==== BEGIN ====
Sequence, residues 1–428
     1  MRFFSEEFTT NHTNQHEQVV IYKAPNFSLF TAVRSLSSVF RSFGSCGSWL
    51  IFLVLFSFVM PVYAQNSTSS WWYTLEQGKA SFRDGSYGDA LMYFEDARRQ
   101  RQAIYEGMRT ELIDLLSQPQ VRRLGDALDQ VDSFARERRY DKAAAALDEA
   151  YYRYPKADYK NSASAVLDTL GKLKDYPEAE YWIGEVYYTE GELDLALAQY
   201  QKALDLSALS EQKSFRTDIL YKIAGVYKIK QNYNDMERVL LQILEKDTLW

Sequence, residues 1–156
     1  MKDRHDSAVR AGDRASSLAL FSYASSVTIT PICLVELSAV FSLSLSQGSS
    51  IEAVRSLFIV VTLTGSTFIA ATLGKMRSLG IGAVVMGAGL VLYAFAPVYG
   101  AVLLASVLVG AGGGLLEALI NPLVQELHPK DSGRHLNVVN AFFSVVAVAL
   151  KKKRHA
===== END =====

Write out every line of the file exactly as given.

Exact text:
Sequence, residues 1–428
     1  MRFFSEEFTT NHTNQHEQVV IYKAPNFSLF TAVRSLSSVF RSFGSCGSWL
    51  IFLVLFSFVM PVYAQNSTSS WWYTLEQGKA SFRDGSYGDA LMYFEDARRQ
   101  RQAIYEGMRT ELIDLLSQPQ VRRLGDALDQ VDSFARERRY DKAAAALDEA
   151  YYRYPKADYK NSASAVLDTL GKLKDYPEAE YWIGEVYYTE GELDLALAQY
   201  QKALDLSALS EQKSFRTDIL YKIAGVYKIK QNYNDMERVL LQILEKDTLW

Sequence, residues 1–156
     1  MKDRHDSAVR AGDRASSLAL FSYASSVTIT PICLVELSAV FSLSLSQGSS
    51  IEAVRSLFIV VTLTGSTFIA ATLGKMRSLG IGAVVMGAGL VLYAFAPVYG
   101  AVLLASVLVG AGGGLLEALI NPLVQELHPK DSGRHLNVVN AFFSVVAVAL
   151  KKKRHA